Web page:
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Forming the Future: St. Joseph School students help bring clean water to South Sudan

St. Joseph School, Wakefield students Michael DeSimone, Erin Smail, Courtney Fallon and Peter Swain hold a poster showing the before and after images of a well project of Water for South Sudan. Pilot photo/ Courtesy St. Joseph School, Wakefield

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WAKEFIELD -- Raising money for charities is not a new activity at St. Joseph School, but its campaign to support Water for South Sudan was markedly different from any previous fundraising effort in that it was initiated and led by students.

St. Joseph School students Michael DeSimone of Stoneham, Courtney Fallon of Lynnfield, and Peter Swain of Wakefield were inspired when their sixth-grade class read "A Long Way to Water," by Linda Sue Park, at the end of the 2017-2018 school year.

The book recounts the true story of Salva Dut, one of thousands of "Lost Boys of Sudan" who were displaced during the second Sudanese civil war. With help from the American Red Cross, Dut was able to move to the United States. He later founded Water for Sudan, renamed Water for South Sudan after South Sudan gained its independence. The organization builds wells to provide communities in South Sudan with clean drinking water, preventing the spread of waterborne illnesses.

"We have so much, and the people of South Sudan didn't even have clean water to drink! Salva went through so many difficulties in his life but he never gave up," Peter said in a statement shared with the Pilot.

After reading "A Long Way to Water," Peter, Michael, and Courtney wanted to do something to help Water for South Sudan.

"St. Joe's always teaches us to live by the Golden Rule and treat others the way that we want to be treated so when we read and researched about the people of South Sudan we couldn't imagine living their lives and knew that we had to do something," Michael said.

In June 2018, they approached the middle school literature teacher Beth Coppinger to talk about how they could raise funds for Water for South Sudan.

"I've taught the book a number of years, and I've never had students come to me and say they wanted to push forward on this," Coppinger said Sept. 23.

Because the school year was about to end, Coppinger told the students to ask her again at the start of the next academic year. She said they were outside her door as soon as the first day of school ended.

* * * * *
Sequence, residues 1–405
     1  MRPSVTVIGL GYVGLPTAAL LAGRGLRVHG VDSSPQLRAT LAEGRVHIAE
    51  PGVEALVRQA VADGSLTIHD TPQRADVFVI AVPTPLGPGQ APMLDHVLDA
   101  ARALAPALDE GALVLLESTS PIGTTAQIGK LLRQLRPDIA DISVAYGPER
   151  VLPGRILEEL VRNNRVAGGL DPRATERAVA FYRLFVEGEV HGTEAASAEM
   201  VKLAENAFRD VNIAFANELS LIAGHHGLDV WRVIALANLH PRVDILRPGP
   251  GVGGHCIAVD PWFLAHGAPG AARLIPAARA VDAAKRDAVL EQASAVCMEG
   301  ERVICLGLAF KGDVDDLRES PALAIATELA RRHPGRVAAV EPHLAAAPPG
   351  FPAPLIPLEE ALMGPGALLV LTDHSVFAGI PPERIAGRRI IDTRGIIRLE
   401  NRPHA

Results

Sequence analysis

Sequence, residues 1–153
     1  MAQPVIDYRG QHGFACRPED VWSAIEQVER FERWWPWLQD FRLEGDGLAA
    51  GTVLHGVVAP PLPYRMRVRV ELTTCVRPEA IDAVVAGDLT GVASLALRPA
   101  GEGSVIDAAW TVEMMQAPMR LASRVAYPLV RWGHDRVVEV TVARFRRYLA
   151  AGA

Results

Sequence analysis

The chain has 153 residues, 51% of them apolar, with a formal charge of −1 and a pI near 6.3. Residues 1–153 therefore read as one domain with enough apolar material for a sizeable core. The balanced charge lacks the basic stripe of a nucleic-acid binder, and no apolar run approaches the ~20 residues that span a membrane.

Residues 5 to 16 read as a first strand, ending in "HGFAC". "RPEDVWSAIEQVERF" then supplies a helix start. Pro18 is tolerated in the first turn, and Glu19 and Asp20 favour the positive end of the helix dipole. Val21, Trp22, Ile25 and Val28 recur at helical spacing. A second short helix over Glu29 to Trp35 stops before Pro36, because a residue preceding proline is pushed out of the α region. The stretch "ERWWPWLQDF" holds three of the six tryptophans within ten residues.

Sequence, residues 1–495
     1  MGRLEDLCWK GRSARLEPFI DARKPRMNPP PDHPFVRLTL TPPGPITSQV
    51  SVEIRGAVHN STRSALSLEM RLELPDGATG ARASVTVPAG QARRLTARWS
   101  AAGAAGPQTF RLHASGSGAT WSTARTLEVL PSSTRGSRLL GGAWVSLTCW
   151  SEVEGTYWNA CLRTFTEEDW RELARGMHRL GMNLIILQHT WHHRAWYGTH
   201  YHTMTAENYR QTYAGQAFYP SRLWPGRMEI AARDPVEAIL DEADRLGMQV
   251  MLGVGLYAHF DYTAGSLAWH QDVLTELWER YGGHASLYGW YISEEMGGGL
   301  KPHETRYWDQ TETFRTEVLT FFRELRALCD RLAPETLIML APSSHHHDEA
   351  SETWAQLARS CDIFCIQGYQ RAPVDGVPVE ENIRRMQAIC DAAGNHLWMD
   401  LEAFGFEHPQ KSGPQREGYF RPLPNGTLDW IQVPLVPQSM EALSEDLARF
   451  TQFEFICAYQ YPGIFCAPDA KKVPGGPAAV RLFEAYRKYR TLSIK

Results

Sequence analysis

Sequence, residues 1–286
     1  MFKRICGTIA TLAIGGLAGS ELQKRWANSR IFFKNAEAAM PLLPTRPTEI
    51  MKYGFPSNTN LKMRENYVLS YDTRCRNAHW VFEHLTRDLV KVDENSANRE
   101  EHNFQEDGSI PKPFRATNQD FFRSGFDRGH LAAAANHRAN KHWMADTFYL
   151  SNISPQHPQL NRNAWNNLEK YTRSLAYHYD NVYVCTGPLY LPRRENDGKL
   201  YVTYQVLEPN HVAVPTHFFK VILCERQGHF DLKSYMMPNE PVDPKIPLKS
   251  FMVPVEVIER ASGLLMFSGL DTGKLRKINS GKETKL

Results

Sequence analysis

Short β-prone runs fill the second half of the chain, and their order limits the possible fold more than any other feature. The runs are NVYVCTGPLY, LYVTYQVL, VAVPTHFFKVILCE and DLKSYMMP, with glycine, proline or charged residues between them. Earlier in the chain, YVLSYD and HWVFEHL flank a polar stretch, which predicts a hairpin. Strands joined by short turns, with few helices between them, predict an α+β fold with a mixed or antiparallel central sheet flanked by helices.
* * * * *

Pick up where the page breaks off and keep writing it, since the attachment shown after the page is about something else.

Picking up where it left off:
Coppinger said that all she did was supervise the students, who spent many afternoons and weekends working on their project.

"It was amazing," Coppinger said.

During Catholic Schools Week, the students gave a presentation to the entire school to educate their peers and teachers about South Sudan's water situation. They showed videos from the Water for South Sudan website and passed around a bottle of dirty water from a brook to show the kind of water people in Sudan might have to drink. Then, they delivered a bottle of water to each classroom as a reminder of why they were fundraising.

The school held a series of fundraisers, including a 50/50 raffle, T-shirt sales, and a weeklong penny war. The students also put notices in the parish bulletin and wrote to corporations asking for support.

The school's fundraising efforts made approximately $5,000, exceeding their original goal of $3,000.

"We're just kids, but we were able to make a difference in the world and we did something that changed people's lives," Courtney said.

The story did not end with that school year. Now in eighth grade, Courtney, Michael, Peter, and school reporter Erin Smail were able to meet Salva Dut at a meet-and-greet event in Brookline on Sept. 29.

"The students were thrilled and had the opportunity to share with Salva some of the fundraising ideas that they had and ask him about the wells. They were even more thrilled when he wore the St. Joseph School hat they had given him!" Coppinger said in an email to the Pilot.

Dr. Joseph Sullivan, headmaster of St. Joseph School, told the Pilot that the school plans to continue its fundraising for Water for South Sudan, and that they encourage other schools of the archdiocese to help, too.

"The cost to drill a well is $15,000 and it would be wonderful if together we could change lives in South Sudan, one drop of water at a time!" Sullivan said.

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